April 30, 2013 • ∞
The best days are the ones when I don’t do anything in OmniFocus. What do I mean? When I’m living, I’m not worrying about my task list. I know that nothing is due. Nothing is going to fall apart while I’m away. This is the best part of GTD – the mind like water.
Whilst it’s not something that happens as often as I would like, I really appreciate it when it does happen. It makes me strive to improve the way I manage my “open loops”.
April 24, 2013 • ∞
The iPhone has an easy mode too. It’s called “Using the iPhone”.
I removed Daring Fireball from my Google Reader for a while – the post volume is high, and to be honest, I’m more interested in “productivity” than technology news – but I recently resubscribed, and I’m glad I did!
John’s snappy comments, and insightful view into the business side of technology make it well worth following.
April 20, 2013 • ∞
Tulio Jarocki has a great set of TextExpander snippets for writing reviews in DayOne. I think keeping reviews of books and movies in DayOne is a great idea.
April 16, 2013 • ∞
When watching the video of Koroush Dini speaking at The OmniFocus Setup, one thing that came to mind was how GTD (and OmniFocus) lets you accomplish small wins, where you knock a load of tasks off your list early in the day. This frees you up to tackle what Koroush describes as creative tasks, tasks where you don’t know what you are making until you have made it.
I love taking lots of small steps to make progress on projects early in the day, and feel like it removes the obligation to “accomplish” anything when I’m working on a more creative task later in the day. Creative tasks that I come up against are normally writing papers and debugging code, both of which can make it hard to feel like you’ve achieved much. When I’m safe in the knowledge that I am getting stuff done, I feel better about working on these open-ended challenges.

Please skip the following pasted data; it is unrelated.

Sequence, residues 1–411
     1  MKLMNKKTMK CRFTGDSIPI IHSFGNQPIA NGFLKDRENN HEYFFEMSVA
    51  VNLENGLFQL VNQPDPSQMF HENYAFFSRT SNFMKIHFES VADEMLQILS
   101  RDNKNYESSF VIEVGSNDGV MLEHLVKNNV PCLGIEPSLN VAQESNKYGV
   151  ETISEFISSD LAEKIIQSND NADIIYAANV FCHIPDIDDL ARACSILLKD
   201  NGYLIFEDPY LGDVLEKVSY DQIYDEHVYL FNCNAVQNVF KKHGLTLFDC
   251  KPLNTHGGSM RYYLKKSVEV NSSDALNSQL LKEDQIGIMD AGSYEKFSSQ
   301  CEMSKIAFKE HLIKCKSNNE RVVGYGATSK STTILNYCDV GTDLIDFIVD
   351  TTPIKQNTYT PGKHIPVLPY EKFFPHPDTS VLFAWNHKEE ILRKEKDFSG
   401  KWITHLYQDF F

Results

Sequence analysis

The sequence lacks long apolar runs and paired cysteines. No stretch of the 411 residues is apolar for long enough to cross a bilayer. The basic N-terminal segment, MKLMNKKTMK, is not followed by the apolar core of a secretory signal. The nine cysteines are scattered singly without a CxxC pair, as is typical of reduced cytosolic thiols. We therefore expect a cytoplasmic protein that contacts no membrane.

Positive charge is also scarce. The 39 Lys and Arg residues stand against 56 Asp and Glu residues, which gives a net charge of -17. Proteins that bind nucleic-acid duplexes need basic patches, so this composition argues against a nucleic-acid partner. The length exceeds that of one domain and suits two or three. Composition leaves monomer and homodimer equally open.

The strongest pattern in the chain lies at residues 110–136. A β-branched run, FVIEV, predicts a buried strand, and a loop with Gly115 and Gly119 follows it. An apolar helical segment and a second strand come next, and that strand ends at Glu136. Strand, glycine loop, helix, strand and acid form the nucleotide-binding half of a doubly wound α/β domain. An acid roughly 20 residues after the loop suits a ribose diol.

April 13, 2013 • ∞
Elizabeth Spiers over at Lifehacker has some interesting thoughts on reasons to keep a physical notebook:
For those of us comfortable with the digital age, the plethora of note-taking apps makes idea capture fingertip-convenient. I’ve used Evernote for work purposes and keep most of my idea files in Google Docs. But that said, my first medium for idea capture is still pen and paper—usually in a highly disposable three-by-five paper notebook that I carry everywhere and fill up at a rate of about one a month. This is partly a function of immediacy (I don’t have to open an app and find a file) and partly a function of the fact that I’m terrible at typing on a smartphone and it takes me longer to get the words down if I try to do it digitally.
This is a good reason to prefer paper. Whilst apps like Drafts do make it easy to quickly capture (and later process) text snippets on iOS, there is still a delay between thought and capture.
But I also like the romance of physical handwriting, even though my atrocious penmanship falls somewhere between “five-year-old” and “average medical professional” and this sometimes means I’m unable to decipher pieces of what I wrote. I concentrate less when I’m typing and my first drafts often have missing phrases because my fingers have failed to catch up with my thoughts. Writing things down enforces slowness, and by extension, thoughtfulness.
This romance, the nostalgic desire to use paper and pen, is probably one of the most compelling. Despite writing from a productivity context, there is something enticing about the feeling of abandoning systems and processes, and just capturing ideas like people have done for hundreds of years.
My main issue with keeping a paper notebook, as I’ve mentioned before, is the fear of losing something. Without the powerful searches that are ubiquitous in our digital tools, what might happen to those thoughts?
This ties back to the romantic aspect of the notebooks - locking thoughts away in a notebook, waiting to be liberated.